Constructing and disrupting listeners' models of auditory space.
ABSTRACT A major problem for an auditory system exposed to sound in a reverberant environment is to distinguish reflections from true sound sources. Previous research indicates that the process of recognizing reflections is malleable from moment to moment. Three experiments report how ongoing input can prevent or disrupt the fusion of the delayed sound with the direct sound, a necessary component of the precedence effect. The buildup of fusion can be disrupted by presenting stimuli in alternation that simulate different reflecting surfaces. If buildup of fusion is accomplished first and then followed by an aberrant configuration, breakdown of the precedence effect occurs but it depends on the duration of the new sound configuration. The Djelani and Blauert (2001) finding that a brief disruption has no effect on fusion was confirmed; however, it was found that a more lengthy disruption produces breakdown.
- SourceAvailable from: scielo.org.co[Show abstract] [Hide abstract]
ABSTRACT: The capacity to perceive if the sound that listening comes from the left or right, above or down, behind or ahead and what so close or far is the sonorous source is of capital importance both for animals and human beings. Systematic research about developmental aspects involved in this ability begins in the 80Â´s. The aim of this paper is to review the experimental research about the ability to localize direct and reflected sound in neonates and infants. The main explicative hypotheses about the developmental changes observed in auditory localization and the topics that still challenge experts are discussed.Revista latinoamericana de psicología 08/2009; 41(2):225-242. · 0.64 Impact Factor
- [Show abstract] [Hide abstract]
ABSTRACT: Spatial perception in echoic environments is influenced by recent acoustic history. For instance, echo suppression becomes more effective or "builds up" with repeated exposure to echoes having a consistent acoustic relationship to a temporally leading sound. Four experiments were conducted to investigate how buildup is affected by prior exposure to unpaired lead-alone or lag-alone click trains. Unpaired trains preceded lead-lag click trains designed to evoke and assay buildup. Listeners reported how many sounds they heard from the echo hemifield during the lead-lag trains. Stimuli were presented in free field (experiments 1 and 4) or dichotically through earphones (experiments 2 and 3). In experiment 1, listeners reported more echoes following a lead-alone train compared to a period of silence. In contrast, listeners reported fewer echoes following a lag-alone train; similar results were observed with earphones. Interestingly, the effects of lag-alone click trains on buildup were qualitatively different when compared to a no-conditioner trial type in experiment 4. Finally, experiment 3 demonstrated that the effects of preceding click trains on buildup cannot be explained by a change in counting strategy or perceived click salience. Together, these findings demonstrate that echo suppression is affected by prior exposure to unpaired stimuli.The Journal of the Acoustical Society of America 08/2014; 136(2):803. · 1.65 Impact Factor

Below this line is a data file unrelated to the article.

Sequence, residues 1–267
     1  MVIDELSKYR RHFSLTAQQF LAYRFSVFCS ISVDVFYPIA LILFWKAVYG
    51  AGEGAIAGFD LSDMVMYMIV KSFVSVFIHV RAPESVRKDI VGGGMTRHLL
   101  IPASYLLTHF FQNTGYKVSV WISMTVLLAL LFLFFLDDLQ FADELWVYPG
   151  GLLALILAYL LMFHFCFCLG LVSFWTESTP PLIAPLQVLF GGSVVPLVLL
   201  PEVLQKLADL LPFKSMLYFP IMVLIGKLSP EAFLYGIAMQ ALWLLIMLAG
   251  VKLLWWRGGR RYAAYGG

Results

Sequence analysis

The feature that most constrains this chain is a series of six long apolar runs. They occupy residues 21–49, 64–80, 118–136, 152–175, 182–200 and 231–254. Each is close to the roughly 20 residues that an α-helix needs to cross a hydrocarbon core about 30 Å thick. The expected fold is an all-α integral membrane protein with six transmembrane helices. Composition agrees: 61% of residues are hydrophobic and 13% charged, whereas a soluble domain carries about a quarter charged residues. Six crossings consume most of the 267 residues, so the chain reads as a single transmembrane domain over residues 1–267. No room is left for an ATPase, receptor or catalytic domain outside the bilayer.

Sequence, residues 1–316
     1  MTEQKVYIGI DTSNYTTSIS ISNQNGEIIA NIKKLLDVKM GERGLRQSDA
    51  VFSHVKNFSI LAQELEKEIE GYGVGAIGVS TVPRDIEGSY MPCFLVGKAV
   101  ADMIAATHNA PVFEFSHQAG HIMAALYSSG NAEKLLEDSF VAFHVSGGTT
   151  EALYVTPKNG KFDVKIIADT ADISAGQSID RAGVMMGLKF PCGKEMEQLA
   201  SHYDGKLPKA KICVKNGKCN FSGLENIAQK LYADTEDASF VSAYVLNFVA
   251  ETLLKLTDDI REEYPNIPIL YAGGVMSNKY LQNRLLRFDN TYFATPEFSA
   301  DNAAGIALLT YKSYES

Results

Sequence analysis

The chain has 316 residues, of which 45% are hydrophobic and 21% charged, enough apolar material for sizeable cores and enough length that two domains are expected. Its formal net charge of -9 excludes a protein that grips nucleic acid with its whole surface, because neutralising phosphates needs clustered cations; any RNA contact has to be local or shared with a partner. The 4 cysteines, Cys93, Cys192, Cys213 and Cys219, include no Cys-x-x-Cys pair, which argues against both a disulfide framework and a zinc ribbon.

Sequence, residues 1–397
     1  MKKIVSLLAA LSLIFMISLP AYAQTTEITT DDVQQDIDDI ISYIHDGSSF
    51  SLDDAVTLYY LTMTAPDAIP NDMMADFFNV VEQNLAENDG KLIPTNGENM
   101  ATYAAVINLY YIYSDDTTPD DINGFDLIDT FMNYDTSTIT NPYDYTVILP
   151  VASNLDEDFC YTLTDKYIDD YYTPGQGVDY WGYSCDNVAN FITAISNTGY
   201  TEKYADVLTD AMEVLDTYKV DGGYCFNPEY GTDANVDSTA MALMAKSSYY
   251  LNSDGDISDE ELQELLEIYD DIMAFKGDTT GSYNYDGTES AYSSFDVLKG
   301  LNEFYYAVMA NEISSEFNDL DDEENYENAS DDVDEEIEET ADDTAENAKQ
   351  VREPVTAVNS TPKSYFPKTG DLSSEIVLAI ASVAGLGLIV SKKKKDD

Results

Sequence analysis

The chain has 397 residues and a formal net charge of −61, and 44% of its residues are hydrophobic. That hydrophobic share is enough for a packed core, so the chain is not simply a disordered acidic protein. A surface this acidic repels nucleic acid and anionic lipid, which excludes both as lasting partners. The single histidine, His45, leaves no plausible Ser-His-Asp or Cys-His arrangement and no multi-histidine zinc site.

- [Show abstract] [Hide abstract]
ABSTRACT: Although many studies have examined the precedence effect (PE), few have tested whether it shows a buildup and breakdown in nonhuman animals comparable to that seen in humans. These processes are thought to reflect the ability of the auditory system to adjust to a listener's acoustic environment, and their mechanisms are still poorly understood. In this study, ferrets were trained on a two-alternative forced-choice task to discriminate the azimuthal direction of brief sounds. In one experiment, pairs of noise bursts were presented from two loudspeakers at different interstimulus delays (ISDs). Results showed that localization performance changed as a function of ISD in a manner consistent with the PE being operative. A second experiment investigated buildup and breakdown of the PE by measuring the ability of ferrets to discriminate the direction of a click pair following presentation of a conditioning train. Human listeners were also tested using this paradigm. In both species, performance was better when the test clicks and conditioning train had the same ISD but deteriorated following a switch in the direction of the leading and lagging sounds between the conditioning train and test clicks. These results suggest that ferrets, like humans, experience a buildup and breakdown of the PE.The Journal of the Acoustical Society of America 03/2014; 135(3):1406. · 1.65 Impact Factor